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About the Bird Art:
This is an original oil painting of a Red-breasted Sapsucker
6″ x 6″ on wood panel. The sides are bare wood. Ready to hang or suitable for framing. Watermark does not appear on painting.
For orders outside of the U.S, please contact us before purchasing for a customized shipping quote.
* Artist retains all rights to artwork for reproduction
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Category: March 2021
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About the Red-breasted Sapsucker
A tiny bird seemingly overflowing with energy, the Ruby-crowned Kinglet forages almost frantically through lower branches of shrubs and trees. Its habit of constantly flicking its wings is a key identification clue. Smaller than a warbler or chickadee, this plain green-gray bird has a white eyering and a white bar on the wing. Alas, the male’s brilliant ruby crown patch usually stays hidden—your best chance to see it is to find an excited male singing in spring or summer.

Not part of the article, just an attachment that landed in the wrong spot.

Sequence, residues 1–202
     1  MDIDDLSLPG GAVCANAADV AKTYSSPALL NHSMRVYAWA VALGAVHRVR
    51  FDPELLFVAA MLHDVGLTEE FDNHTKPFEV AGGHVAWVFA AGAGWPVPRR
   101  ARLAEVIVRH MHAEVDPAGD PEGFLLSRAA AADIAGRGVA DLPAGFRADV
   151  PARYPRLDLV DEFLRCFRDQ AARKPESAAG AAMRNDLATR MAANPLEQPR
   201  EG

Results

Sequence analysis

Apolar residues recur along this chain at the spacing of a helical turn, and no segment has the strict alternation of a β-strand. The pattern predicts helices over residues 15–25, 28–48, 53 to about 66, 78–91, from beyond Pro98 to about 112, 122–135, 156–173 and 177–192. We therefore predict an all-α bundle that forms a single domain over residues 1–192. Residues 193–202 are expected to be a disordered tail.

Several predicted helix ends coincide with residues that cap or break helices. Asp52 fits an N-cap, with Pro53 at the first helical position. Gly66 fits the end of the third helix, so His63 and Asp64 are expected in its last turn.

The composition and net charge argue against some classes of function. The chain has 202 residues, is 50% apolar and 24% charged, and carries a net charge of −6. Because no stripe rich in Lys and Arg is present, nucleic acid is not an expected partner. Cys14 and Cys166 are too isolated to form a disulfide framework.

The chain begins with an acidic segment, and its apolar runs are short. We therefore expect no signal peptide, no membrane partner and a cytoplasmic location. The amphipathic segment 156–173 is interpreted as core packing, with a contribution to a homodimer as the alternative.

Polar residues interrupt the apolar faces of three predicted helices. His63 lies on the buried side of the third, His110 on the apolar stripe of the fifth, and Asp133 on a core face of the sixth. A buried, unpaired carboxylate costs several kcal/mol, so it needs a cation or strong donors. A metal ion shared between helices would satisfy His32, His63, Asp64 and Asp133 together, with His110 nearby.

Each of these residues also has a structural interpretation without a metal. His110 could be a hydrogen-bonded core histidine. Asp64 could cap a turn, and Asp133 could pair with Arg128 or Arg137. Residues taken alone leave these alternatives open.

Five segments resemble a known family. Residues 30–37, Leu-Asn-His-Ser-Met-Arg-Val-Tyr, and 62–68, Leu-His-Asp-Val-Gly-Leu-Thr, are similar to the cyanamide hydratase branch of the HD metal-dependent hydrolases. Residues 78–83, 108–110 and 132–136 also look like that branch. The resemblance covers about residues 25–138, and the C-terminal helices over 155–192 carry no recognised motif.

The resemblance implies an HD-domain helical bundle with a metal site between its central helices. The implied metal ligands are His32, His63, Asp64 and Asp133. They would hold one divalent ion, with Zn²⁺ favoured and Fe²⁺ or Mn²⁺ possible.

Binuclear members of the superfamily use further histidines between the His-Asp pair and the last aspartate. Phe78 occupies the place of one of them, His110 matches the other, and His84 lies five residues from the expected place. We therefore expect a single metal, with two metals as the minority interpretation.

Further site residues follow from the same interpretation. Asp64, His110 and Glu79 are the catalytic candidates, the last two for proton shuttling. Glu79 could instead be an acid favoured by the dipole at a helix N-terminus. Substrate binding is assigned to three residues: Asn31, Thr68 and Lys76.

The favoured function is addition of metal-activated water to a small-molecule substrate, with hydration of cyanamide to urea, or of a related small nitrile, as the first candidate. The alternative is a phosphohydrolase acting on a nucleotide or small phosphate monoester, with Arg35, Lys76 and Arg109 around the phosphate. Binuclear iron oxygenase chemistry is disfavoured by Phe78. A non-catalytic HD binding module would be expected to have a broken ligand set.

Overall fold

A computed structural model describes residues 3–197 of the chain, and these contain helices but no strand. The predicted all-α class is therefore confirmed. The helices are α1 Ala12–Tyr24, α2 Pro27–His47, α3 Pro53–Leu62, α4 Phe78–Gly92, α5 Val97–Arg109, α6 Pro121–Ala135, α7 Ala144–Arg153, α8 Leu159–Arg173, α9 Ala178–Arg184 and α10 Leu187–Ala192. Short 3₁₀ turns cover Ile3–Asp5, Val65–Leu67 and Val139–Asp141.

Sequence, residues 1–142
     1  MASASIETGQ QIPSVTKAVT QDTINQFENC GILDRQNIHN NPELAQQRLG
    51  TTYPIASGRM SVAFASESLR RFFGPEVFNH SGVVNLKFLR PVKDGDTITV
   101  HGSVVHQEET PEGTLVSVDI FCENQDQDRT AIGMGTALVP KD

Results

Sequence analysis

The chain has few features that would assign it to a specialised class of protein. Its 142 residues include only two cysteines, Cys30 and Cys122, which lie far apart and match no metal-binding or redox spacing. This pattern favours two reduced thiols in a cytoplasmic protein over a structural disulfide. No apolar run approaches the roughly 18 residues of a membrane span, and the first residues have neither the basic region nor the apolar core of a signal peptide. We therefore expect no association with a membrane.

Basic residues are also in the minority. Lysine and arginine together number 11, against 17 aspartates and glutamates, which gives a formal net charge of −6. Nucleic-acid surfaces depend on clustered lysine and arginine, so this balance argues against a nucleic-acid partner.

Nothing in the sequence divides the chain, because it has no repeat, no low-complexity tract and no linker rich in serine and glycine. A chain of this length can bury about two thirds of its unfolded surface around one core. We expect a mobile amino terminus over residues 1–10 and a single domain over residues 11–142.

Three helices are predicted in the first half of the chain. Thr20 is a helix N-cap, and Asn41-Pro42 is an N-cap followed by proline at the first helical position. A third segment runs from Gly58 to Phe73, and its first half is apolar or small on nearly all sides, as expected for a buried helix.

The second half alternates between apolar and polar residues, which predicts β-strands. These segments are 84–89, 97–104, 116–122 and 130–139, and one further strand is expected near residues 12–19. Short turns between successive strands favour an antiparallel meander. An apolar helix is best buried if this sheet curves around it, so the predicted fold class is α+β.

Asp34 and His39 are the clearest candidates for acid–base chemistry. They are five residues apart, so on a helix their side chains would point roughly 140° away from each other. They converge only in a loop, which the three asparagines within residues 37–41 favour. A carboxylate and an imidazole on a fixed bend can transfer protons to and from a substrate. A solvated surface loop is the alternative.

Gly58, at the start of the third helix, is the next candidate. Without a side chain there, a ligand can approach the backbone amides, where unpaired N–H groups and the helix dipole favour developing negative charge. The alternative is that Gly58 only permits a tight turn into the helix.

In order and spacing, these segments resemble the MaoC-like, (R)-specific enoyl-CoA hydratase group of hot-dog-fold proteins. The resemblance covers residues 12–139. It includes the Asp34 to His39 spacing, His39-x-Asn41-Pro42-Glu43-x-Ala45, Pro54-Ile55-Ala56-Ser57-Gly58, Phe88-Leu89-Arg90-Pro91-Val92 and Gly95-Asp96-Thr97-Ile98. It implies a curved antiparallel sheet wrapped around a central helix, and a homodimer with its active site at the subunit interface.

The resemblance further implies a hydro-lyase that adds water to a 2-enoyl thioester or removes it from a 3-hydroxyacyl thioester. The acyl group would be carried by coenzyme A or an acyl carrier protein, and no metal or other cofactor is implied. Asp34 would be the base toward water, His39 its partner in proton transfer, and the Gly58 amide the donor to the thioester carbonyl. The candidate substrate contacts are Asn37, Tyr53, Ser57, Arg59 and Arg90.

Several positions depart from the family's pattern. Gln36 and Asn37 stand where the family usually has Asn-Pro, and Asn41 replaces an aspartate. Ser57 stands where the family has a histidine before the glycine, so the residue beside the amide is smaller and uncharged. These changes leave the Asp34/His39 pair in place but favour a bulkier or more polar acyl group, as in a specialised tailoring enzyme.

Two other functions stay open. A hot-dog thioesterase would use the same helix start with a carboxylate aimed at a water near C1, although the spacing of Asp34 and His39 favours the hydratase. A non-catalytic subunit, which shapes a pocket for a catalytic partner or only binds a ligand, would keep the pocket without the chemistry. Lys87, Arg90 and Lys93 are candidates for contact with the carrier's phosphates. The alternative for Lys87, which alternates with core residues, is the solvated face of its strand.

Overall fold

- The Red-breasted Sapsucker has two subspecies. The northern form, resident from Alaska to Oregon, is redder on the head and has less white on the back. The southern form, found in California, often shows the black and white face striping of the other sapsucker species, but all the facial feathers are tipped in red.
- Hummingbirds of several species make use of sapsucker feeding holes and come to rely on them. The Rufous Hummingbird is closely associated with the Red-breasted Sapsucker. It nests near sap wells and may follow the woodpecker around during the day, feeding at the wells the sapsucker keeps flowing.